[10/9/13 12:12:38 PM] D: yep- lower right hand side- it says “Series 2009” thank you bloomberg and main stream media for showing us the transparency!
[10/9/13 12:14:38 PM] D: history: in Oct 2011 I saw the first copy of a photo of the “new” $100 bill. I didnt’ think anything of it at the time. then in 2012 other “leaked” photos of the “New” $100. I blew up the photo and noticed that right there on the bill it says : “series 2009”
[10/9/13 12:14:51 PM] D: it also says it’s a Federal Reserve Note.
[10/9/13 12:15:37 PM] D: the Fed hasn’t had any printing presses or printed a single bill of any denomination since 2009- which makes this photo really hysterical.
[10/9/13 12:17:11 PM] D: So they printed them all in 2009 and held onto them. They were suppose to be released in 2011, then in 2012, then 3 different times in 2013….. and yet, they haven’t been released.
[10/9/13 12:17:43 PM] D: Now why would that be? Oh we all know the official excuses (apparently, they just keep printing them wrong (facepalm))
[10/9/13 12:18:04 PM] D: or…. is it that they have nothing to back the new $100 bills with 😀
These New $100 Bills Are Going to Be Huge Overseas
By Mark Glassman October 08, 2013
In the midst of a government shutdown over federal spending, a new $100 bill began circulating Tuesday. At least we assume it did: The U.S. Treasury, like much of the government, couldn’t be reached for comment, and no one is making change with a crisp, new hundred this morning. (Update: The Fed confirmed late Tuesday night that the new $100s went into circulation without a hitch.)
The Series 2009 $100 note is more expensive to print than the last version—12.7¢ per bill vs. 7.8¢ for the older style—but it’s designed to be harder to counterfeit and easier to authenticate. The hundred note still features Ben Franklin on the front and Independence Hall on the back, along with more colorful illustrations and hidden text and pictographs that reveal themselves only under certain conditions.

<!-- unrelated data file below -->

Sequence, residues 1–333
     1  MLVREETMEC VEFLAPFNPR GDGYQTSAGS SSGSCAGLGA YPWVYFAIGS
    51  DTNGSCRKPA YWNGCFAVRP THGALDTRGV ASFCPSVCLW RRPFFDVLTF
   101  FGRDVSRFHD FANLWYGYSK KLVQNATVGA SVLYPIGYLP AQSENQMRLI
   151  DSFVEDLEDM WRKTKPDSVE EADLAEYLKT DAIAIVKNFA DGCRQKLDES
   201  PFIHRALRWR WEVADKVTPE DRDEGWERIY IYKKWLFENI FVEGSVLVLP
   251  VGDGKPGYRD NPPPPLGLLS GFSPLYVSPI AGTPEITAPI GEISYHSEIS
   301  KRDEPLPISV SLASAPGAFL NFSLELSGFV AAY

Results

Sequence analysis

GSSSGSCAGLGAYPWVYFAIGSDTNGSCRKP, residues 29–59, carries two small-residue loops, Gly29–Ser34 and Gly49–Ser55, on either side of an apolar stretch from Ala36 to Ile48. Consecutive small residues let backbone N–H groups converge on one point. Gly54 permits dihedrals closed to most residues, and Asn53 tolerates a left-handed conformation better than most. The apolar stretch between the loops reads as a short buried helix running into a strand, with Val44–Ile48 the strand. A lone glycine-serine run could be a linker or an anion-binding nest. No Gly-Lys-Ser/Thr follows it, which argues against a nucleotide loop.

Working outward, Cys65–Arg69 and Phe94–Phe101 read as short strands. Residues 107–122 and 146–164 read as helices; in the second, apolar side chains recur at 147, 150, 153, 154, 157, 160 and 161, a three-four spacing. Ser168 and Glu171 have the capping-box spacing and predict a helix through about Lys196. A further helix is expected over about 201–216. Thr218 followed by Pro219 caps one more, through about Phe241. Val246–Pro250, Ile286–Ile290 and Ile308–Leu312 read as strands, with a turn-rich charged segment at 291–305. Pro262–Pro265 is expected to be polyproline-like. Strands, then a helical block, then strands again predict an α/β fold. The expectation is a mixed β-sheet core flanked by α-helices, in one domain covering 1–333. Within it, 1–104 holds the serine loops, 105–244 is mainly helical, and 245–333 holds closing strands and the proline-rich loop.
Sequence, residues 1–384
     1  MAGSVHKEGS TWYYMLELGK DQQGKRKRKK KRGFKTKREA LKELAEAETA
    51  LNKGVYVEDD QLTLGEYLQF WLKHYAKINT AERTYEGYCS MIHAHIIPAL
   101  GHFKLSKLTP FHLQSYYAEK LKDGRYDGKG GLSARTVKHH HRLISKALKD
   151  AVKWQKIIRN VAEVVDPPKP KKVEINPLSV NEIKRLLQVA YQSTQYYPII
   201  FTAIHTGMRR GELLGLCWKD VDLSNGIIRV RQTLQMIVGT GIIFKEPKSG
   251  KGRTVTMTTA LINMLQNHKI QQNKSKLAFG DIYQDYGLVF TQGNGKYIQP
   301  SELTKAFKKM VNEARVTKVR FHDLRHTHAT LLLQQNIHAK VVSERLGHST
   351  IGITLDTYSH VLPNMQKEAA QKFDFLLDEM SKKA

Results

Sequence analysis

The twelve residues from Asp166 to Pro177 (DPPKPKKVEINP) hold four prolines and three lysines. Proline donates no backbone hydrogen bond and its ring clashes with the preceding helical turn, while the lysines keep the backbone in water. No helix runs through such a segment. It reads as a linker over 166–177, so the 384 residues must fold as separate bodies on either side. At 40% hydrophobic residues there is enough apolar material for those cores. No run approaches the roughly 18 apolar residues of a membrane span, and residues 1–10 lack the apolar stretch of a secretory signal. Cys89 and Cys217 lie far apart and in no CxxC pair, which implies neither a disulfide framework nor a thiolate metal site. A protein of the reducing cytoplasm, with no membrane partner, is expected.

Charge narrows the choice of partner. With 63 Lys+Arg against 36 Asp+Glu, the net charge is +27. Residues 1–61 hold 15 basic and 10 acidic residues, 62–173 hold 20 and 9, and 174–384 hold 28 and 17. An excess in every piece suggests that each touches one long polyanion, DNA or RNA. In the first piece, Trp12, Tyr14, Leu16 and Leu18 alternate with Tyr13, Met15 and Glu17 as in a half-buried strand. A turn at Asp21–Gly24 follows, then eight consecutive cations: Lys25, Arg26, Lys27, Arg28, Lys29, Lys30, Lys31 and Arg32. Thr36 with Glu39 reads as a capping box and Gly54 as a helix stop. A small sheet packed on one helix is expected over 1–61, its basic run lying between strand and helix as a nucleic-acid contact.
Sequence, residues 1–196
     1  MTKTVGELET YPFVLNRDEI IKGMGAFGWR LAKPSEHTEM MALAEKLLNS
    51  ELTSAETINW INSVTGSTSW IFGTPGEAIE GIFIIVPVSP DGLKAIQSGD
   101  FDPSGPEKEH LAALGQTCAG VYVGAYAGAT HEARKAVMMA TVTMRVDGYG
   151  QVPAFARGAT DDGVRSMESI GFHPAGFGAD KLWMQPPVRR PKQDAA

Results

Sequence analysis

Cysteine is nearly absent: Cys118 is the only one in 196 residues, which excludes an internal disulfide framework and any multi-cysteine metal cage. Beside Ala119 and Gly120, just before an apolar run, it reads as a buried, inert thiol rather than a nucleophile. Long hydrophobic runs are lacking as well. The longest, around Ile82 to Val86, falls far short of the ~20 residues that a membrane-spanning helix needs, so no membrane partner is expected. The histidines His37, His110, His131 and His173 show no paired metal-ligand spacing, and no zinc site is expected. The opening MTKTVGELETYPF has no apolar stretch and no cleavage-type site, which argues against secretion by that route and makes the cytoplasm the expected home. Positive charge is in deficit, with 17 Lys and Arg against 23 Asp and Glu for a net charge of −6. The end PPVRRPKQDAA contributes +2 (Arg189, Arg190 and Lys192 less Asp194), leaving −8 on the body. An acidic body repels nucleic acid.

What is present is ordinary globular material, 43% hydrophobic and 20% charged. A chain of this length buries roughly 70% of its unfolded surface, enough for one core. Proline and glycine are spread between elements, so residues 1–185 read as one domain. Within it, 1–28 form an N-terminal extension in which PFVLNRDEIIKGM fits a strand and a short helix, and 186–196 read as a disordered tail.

If now feels like a bizarre time to begin printing new, more expensive money, rest assured that the $100 bill plays an essential role in the U.S. economy. Although most Americans are unlikely to use the new note regularly, if at all, the hundred is by far the largest store of value for all circulating U.S. currency.
At the end of 2012, there were about $10 billion in singles in circulation, according to the Federal Reserve. There were $863 billion in hundreds making the rounds—more than three-quarters of the value of all U.S. notes. Although hundreds are the most commonly counterfeited bill, they have grown significantly more important to the economy over the last 20 years.
Bill Adams, senior economist at PNC Financial (PNC), estimates that from 1992 to 2012, the share of the U.S. gross domestic product accounted for by hundred-dollar bills doubled. Today, he says, hundreds represent close to 6 percent of gross domestic product.
Most of that currency is probably not in the United States. In 2010, Fed Chairman Ben Bernanke noted that up to two-thirds of all hundred notes are circulating abroad.
The hundred typically has a longer lifespan than other bills because it is used less frequently. The average hundred circulatesfor about 15 years, according to the Fed.
The new bill is also arriving a little late. It was supposed to go into circulation in February 2011, but a production problem caused delays. Its predecessor arrived on March 25, 1996—80 days after the last government shutdown.